Today the Frost Peach was opening her buds as warm sun reflects off the red barn to heat up soil and activate plants. It’s getting into the high 50s now with only a few weeks left of frost threat here in Western Washington. Leafhopper Farm is about 400 feet above the valley, making the frost free time a little later than down by the river at sea level. Wild plants around the farm have been sprouting and budding out for a while, from the Nettle to Indian Plum.
Insects, amphibians, reptiles, and seasonal birds are flocking in to enjoy the spring awakening. The pond is hosting what sounds like one million frogs chorusing louder than ever this spring. We’ve seen mostly Pacific Green Tree Frogs, but both Red Legged and Little Brown Tree Frogs are about as well. Salamanders have been sighted swimming in the pond and Garter Snakes are making occasional appearances. Today, Kat, Jason, and I all held Northern Alligator Lizards basking in the first warm sun of several weeks. It’s great to see all the little indicator species alive and well here at Leafhopper.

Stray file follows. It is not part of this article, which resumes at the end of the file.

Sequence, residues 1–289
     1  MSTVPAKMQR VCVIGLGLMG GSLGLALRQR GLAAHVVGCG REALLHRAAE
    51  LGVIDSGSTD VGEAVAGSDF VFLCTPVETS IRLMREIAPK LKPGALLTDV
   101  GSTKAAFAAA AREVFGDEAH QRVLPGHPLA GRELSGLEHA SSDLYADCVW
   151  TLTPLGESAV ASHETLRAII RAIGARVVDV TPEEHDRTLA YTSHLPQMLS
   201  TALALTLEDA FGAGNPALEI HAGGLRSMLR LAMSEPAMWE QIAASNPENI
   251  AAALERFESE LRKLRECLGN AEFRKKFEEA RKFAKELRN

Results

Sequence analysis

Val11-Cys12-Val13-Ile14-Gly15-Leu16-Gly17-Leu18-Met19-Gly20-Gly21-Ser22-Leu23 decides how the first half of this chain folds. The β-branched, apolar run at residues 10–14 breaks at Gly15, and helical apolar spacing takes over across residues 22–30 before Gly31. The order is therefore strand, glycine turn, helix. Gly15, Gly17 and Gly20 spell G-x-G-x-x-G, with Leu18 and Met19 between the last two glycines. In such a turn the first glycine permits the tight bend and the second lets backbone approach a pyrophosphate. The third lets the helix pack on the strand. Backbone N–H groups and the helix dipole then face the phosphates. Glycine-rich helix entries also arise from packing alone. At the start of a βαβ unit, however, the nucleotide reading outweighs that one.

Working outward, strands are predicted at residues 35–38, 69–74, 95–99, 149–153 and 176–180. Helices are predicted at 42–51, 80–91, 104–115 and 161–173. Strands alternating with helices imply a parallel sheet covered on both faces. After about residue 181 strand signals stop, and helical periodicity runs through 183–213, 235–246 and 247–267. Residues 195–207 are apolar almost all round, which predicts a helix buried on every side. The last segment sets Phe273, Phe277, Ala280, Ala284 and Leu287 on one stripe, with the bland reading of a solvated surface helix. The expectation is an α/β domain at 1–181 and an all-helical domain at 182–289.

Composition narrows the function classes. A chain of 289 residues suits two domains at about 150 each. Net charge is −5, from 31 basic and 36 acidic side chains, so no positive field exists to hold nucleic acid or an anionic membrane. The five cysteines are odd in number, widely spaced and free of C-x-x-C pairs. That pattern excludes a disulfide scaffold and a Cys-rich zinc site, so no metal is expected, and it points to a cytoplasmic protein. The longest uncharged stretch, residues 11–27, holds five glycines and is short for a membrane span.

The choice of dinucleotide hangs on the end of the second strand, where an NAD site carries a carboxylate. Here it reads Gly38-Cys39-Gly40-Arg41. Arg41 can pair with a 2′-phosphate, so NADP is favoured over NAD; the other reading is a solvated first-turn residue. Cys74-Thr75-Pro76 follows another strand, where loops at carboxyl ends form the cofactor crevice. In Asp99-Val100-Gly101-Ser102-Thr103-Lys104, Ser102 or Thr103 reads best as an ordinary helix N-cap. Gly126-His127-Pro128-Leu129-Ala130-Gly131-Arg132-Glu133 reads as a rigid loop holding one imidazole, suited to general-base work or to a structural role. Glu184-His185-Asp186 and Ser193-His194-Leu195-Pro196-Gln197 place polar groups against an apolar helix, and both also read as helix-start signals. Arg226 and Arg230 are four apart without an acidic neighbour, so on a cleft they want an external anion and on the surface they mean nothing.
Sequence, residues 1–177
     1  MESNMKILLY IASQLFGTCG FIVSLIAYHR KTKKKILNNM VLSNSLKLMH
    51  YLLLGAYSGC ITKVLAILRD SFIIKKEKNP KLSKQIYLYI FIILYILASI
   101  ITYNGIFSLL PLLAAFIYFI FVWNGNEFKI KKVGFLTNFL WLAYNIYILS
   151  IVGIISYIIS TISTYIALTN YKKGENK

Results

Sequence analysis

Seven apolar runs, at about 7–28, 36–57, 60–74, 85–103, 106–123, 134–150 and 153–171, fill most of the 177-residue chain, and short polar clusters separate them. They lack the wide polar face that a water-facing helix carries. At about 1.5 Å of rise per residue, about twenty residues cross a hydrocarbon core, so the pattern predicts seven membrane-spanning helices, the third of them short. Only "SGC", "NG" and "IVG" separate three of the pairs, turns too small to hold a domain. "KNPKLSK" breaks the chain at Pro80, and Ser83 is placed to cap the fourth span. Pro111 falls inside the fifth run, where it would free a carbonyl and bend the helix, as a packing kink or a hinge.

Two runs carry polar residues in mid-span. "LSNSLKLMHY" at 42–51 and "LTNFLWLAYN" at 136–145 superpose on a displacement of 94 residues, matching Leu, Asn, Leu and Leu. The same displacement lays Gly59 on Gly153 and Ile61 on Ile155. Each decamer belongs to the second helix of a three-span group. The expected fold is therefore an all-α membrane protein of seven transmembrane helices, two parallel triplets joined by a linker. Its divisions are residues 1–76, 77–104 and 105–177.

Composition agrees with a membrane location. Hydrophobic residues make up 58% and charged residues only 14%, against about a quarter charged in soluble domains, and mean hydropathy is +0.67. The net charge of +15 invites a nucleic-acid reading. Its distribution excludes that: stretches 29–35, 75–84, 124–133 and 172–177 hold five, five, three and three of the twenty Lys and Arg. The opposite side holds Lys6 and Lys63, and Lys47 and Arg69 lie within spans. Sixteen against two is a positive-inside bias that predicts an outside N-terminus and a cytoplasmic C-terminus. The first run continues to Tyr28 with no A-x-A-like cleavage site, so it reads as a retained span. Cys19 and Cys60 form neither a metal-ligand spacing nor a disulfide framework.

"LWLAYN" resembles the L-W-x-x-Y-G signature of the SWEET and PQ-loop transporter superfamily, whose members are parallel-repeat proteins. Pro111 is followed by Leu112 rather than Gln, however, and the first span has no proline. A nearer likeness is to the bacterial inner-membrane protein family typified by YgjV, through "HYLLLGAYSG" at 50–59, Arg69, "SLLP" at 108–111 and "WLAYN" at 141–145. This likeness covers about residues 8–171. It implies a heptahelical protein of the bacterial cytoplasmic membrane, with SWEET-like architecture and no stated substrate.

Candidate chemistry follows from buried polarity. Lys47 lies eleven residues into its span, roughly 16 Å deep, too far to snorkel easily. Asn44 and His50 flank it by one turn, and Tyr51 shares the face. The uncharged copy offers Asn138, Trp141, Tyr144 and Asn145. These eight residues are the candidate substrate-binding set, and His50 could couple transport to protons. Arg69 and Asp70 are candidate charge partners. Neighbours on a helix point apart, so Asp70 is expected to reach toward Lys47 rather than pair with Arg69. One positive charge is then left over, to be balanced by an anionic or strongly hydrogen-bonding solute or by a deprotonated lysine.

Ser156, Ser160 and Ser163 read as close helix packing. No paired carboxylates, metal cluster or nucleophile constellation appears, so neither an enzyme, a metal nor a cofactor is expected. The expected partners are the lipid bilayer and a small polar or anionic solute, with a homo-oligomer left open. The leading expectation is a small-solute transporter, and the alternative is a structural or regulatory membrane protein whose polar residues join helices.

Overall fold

In the winter beds, garlic is springing up, little green shoots letting me know how many bulbs came through the winter cold. I even begun planting more this spring, to see if we can get a late fall crop. Many cloves from July 2016 are still bagged and ready in the house. This summer I’ll try selling some of my cloves as LHF seeded and grown. I’ve been only cultivating stemmed garlic, as it is easy to pull cloves from without all those small, barely usable cloves in the center. In this climate, I think the stalked garlic is also less likely to rot or grow fungus. I’m taking notes on the garlic beds and will see how my stalks overwinter this year.